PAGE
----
Since 2021, Chainlink Labs has also been conducting a bug bounty program through the Immunefi platform. Rewards are distributed according to the impact of the vulnerability based on Immunefi’s vulnerability severity classification system, with a maximum bounty of $3M for critical severity bugs. Smart contract bug reports require a proof of concept and a suggestion for a fix to be eligible for a reward. Website and application bug reports must come with a proof of concept with an end-effect impacting an asset-in-scope in order to be considered for a reward.
Since the inception of the bug bounty programs on HackerOne and Immunefi, over $500K in total has been paid across 75+ resolved reports to more than 50 independent researchers.
In addition, Chainlink Labs has participated in five crowdsourced audits on Code4rena, with participation by over 500 researchers and a total combined prize pool of $700K+. Contests have covered Chainlink Staking v0.1, Chainlink Staking v0.2, Cross-Chain Interoperability Protocol (CCIP) and Risk Management Network, and CCIP administration contracts. Chainlink ranks in the Top 5 of total combined prize pools for all projects on C4.
These crowdsourced audits supplement the multiple independent security audits that Chainlink services undergo to strengthen their codebase.
Case Study: Immunefi Bug Bounty Report
Independent researchers can help identify potential security vulnerabilities within Chainlink services. Upon discovery, they can submit a report, the findings of which are subsequently verified by the Chainlink Labs team. The severity of the vulnerability is then assessed, and if necessary, a mitigation strategy is implemented.
Here’s a recent example of Chainlink Labs working with smart contract security experts to collectively harden the Chainlink platform.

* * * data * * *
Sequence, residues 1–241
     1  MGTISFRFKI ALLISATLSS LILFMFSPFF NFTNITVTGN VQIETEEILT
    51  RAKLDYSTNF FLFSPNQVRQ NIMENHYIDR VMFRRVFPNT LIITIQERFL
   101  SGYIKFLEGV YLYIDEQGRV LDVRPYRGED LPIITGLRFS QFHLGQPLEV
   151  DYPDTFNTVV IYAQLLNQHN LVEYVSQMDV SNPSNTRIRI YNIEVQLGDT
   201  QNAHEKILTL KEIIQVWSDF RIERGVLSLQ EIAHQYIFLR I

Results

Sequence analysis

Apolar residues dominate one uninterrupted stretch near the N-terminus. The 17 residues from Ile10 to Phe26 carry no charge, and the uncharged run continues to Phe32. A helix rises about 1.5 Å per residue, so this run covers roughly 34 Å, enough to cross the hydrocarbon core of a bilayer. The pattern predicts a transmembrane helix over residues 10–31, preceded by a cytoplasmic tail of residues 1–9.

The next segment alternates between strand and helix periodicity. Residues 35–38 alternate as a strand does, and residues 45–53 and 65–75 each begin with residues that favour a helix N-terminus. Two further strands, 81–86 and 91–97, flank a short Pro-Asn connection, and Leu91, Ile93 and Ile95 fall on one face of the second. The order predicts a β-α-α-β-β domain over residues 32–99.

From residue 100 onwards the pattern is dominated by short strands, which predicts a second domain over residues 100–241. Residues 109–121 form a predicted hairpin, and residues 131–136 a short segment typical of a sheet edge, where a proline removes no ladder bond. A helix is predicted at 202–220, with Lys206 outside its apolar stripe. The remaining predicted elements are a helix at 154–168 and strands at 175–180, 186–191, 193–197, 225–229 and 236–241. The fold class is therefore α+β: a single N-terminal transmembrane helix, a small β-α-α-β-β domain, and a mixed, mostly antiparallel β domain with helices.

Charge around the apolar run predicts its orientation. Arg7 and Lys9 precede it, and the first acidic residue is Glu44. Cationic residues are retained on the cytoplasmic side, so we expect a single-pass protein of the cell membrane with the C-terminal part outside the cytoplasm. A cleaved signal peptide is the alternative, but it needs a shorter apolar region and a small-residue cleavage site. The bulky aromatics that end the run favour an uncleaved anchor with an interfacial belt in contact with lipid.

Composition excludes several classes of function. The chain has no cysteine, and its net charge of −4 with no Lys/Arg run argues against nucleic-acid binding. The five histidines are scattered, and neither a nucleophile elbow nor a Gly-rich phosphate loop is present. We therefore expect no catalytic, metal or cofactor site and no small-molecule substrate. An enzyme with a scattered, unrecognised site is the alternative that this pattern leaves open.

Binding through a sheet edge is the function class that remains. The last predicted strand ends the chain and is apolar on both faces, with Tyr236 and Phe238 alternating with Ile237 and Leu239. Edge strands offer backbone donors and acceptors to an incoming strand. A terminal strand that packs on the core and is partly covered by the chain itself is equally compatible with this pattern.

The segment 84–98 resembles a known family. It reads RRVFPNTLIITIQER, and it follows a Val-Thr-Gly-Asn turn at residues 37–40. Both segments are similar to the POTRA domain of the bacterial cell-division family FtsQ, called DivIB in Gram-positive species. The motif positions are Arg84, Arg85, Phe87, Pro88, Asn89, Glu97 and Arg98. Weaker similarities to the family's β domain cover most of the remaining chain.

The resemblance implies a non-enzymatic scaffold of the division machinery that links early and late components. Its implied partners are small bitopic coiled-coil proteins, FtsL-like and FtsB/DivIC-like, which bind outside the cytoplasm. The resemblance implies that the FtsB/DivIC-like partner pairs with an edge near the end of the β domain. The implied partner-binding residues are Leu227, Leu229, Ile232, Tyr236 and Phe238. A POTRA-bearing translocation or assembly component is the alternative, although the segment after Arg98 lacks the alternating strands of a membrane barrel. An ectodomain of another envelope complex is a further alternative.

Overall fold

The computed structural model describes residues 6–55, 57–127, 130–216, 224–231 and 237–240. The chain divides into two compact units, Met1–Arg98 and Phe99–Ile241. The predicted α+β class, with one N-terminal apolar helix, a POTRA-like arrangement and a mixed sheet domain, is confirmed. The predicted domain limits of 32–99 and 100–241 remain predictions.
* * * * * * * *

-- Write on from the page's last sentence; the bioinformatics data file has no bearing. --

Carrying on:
In late 2022, two independent security researchers participating on the Immunefi platform, Zach Obront and Or Cyngiser (aka Trust), submitted a report on Chainlink VRF v2, which was subsequently validated by the Chainlink Labs team and categorized by the Immunefi program as a critical-impact smart contract vulnerability.
Trust is the head of Trust Security and a consistent presence on the C4 and Immunefi leaderboards. Zach is the Lead Security Researcher at Spearbit and Senior Watson at Sherlock.
In the scenario outlined in their finding, a malicious VRF subscription owner could have blocked and rerolled randomness until they received a desired value, effectively preventing their users from getting a neutral randomness roll.
The Chainlink Labs team investigated the issue and determined that while it could compromise Chainlink VRF’s intended use of providing transparently verifiable tamper-resistant onchain randomness, the exploitable scenario required a number of specific conditions to be met and would be detectable onchain. Most notably, the subscription owner—a role typically controlled by the team behind the dApp using VRF—must be malicious or compromised. After consultation with the researchers, a mitigation was subsequently implemented that ensures randomness delivery if a malicious VRF subscription owner attempts to exploit the reported issue.
For reporting this finding, the researchers received a bounty of $300,000, which ranks in the top 10 of Immunefi bounties.
Chainlink Labs supports the responsible participation of the Web3 community in the vulnerability research field and looks forward to continued active participation in bug bounty programs and audit contests.
Smart contract vulnerability research is critical for maintaining the integrity of Chainlink services and the broader smart contract economy, and Chainlink Labs is committed to supporting the white hat smart contract vulnerability research community.
If you believe you have discovered a security or privacy vulnerability in any Chainlink systems or products, please report it through the official bug bounty programs on HackerOne or Immunefi.
We only accept vulnerabilities and bugs submitted through these channels to ensure proper tracking, triaging, and bounty reward purposes and therefore do not accept direct reports.